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Fall Into Me, The Sky's Crimson Tears: Canucks & 'Hawks Game Six Thread


I spent most of 7th grade in detention (you didn't? wuss). One detention happy afternoon I was approached by five of the skateboarder guys in my grade. I didn't know them; all I really knew is they smoked and wore a lot of black.

They asked me if I played drums. I said yes. In truth I had a drum kit in my basement gathering dust. I was no more a drummer than I was a bio mechanical engineer.

"We need you to sound like the guy on this tape." They toss a cassette in my direction (anyone remember cassettes?!)

I took the tape, went home and dusted off the kit. I popped the tape in and Black Magic by Slayer melodically assaulted my basement. And I learned unpleasant sounding music mixed with poorly timed drumming is a sure fire way to anger a mother.

I didn't understand the noise I was hearing. I sure as hell had no clue what the drummer was doing. I was curious if he had four arms. But I practiced that song several times a day for a week, repeatedly ripping the blisters off my hands and using an entire box of band aids like I was some sort of prepubescent leper.

Two weeks later, I sat on stage with those guys and played Black Magic for a middle school talent show. We didn't come remotely close to winning. But it didn't matter.

A Slayer fan was born.

I've been fortune enough to have drummed my whole life, but it truly started with that moment, from some kids who didn't know me tossing a tape in the air. I don't remember my prom song. I couldn't even tell you the first CD I ever bought. But there was a definitive moment when music became something more than just noise. Of all the possible bands to thank for that realization, I have Slayer.

Sometimes you don't pick your favorites, they pick you.

More often than not, 29 teams eventually get to where Vancouver is: knowing there's only a tomorrow if there's a win tonight.

It's a shame I've had to read so many people bash this team the second they got into trouble in this series. It's those folks that give this franchise a bad name honestly. Fair weather fans are like the pig flu: both complete jokes that won't go away this month. So forget them.

Instead, if you've been watching since Nonis got canned last year, you've seen the Canucks fight through a lot of question marks. No one picked this team to win the division much less make the playoffs. No one said they could score with their group of forwards. When Luongo went down with his groin injury the schadenfreude of the Canuck haters went up accordingly. And it happened again during January's terrible losing streak.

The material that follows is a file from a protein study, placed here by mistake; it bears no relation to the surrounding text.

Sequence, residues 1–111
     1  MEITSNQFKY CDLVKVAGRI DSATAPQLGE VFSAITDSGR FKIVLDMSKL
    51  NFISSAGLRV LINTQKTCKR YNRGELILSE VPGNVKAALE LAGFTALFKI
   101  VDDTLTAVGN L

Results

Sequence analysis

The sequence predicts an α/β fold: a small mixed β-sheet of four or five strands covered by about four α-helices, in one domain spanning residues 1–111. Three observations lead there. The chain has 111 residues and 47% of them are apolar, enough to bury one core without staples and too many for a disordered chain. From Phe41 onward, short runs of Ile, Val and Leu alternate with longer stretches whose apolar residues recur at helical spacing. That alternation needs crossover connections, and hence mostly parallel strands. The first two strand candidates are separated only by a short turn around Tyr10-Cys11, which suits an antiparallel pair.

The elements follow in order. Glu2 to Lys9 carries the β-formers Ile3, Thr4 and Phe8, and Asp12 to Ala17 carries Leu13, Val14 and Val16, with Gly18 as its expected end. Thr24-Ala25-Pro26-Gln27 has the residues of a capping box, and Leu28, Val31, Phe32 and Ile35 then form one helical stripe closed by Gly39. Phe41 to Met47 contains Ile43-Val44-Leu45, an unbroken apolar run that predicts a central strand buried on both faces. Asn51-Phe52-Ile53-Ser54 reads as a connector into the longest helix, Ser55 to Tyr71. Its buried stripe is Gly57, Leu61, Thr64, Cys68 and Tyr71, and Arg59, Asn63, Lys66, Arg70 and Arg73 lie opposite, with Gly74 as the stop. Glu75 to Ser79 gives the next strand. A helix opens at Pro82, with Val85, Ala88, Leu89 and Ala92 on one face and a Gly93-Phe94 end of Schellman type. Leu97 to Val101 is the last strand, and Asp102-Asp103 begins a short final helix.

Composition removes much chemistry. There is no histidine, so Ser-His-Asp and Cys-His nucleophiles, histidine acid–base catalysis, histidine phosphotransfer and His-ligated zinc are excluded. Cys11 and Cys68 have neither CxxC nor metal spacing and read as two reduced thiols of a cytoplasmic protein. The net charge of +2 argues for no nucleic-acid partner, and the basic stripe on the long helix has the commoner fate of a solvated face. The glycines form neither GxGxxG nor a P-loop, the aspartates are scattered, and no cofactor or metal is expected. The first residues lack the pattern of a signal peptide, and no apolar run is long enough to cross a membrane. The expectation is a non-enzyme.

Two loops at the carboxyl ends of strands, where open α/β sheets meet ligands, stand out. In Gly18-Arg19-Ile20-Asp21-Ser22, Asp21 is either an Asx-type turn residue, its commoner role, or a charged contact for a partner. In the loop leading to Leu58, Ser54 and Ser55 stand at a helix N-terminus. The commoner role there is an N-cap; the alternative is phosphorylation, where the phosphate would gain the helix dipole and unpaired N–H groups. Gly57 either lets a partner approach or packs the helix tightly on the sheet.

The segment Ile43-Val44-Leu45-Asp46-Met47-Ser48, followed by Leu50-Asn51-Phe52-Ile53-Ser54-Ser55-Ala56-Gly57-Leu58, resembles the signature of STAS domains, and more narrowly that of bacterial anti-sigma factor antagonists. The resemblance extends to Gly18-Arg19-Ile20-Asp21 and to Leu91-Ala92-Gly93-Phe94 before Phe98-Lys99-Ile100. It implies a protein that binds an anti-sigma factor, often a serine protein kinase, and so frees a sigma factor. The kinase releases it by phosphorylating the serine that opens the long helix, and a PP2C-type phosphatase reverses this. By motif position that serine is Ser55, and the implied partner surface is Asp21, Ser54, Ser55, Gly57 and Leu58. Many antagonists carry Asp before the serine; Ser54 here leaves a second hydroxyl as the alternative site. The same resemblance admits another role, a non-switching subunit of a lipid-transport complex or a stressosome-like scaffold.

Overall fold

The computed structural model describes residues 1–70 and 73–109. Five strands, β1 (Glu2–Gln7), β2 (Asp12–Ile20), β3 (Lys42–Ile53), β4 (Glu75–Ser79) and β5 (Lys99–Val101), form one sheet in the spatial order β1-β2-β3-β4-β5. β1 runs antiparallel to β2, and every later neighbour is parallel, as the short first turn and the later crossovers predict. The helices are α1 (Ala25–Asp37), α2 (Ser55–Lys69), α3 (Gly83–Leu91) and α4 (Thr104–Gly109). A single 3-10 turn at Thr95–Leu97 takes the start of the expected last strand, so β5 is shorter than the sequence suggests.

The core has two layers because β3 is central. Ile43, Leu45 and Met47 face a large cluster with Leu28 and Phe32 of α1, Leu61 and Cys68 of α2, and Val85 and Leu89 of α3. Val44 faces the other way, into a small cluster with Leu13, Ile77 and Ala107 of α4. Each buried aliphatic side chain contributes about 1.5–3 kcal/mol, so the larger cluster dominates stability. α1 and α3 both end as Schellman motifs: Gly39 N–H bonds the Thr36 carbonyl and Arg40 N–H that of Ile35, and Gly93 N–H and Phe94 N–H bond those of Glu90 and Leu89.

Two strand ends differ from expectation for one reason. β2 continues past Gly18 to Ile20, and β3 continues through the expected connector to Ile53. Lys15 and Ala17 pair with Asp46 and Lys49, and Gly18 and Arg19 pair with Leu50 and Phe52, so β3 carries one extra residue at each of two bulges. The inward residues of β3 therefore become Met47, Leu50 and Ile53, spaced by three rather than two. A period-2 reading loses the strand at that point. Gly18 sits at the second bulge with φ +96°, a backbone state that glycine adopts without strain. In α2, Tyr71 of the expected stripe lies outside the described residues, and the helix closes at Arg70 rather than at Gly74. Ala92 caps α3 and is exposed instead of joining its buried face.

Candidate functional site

A player agent turned GM. A goalie turned captain. Two terrible, young deaths that affected everyone on the roster. And sprinkled in there were biorhythm bracelets and retiring the audience every game.

And yet what happened? They scored the most goals per game (2.98) than in Vigneault's previous three seasons at the helm. Bieksa morphed into a power play specialist. Kesler became a Selke nominee. Burrows realized he was the third Sedin they could never find. Bernier, originally hired to be the third Sedin, instead lead the team in hits. Christ, they even made Kyle Wellwood a checker. They closed a 13 point gap between themselves in Calgary in the span of about six weeks. They took the division. They took a first round victory with no losses.

In short, a great deal of what was said about this team (and I am including a lot of what I wrote back in January especially) has been dead wrong. They've made a habit out of proving the naysayers wrong.

Tonight is no different. You play 60 good minutes, you get the win. Period.

It's remarkable how close this series has been. Ignoring empty netters for both sides, these have been one goal games for the majority of time. It wasn't so long ago that Vancouver was less than three minutes from making it a 3-1 series lead. Now, with their inability to hold the lead coupled with mounting injuries and a faster (and more determined) Chicago squad, here they are.

The fact is Kesler and Burrows have been in a funk (or injured), the Sedins have disappeared, the production from the rank and file guys like Bernier and Pyatt has dried up and the defense is taking way, way too many penalties. Game five showed the composure problem that has been the albatross around their neck all year. They ended the regular season the third highest penalized team (16.5 minutes a game) and are currently the second highest penalized in the playoffs (20.1 minutes per game). I'd like to think they'll smarten up for tonight's must-win, but who are we kidding?

Despite all of that, you can't count them out. The old cliche is your best players have to be your best and tonight's that night. The Sedins need to play on a whole other level. The third and fourth lines need to be strong and composed. Luongo needs to inch just a bit closer to perfection. And finally this could be Sundin's last NHL game (I don't even want to think about another summer of rumors with him). So maybe some final inspiration could be putting it all out there for him. And, yes, that includes the man himself who, by the sheer annoyance of irony, seems to be finally getting his game going only now.

For the weak-willed carwrecks out there who are jumping ship before the game even starts, I hope this man finds you and has his way with you until the break of dawn. Then go be a Habs fans or something come October.

Someone out there gets to be the hero tonight. Who wants it more?

Get it done gentlemen. Make your nation proud.

Here's your thread for game six. Let's do this thing.

Zanstorm's take: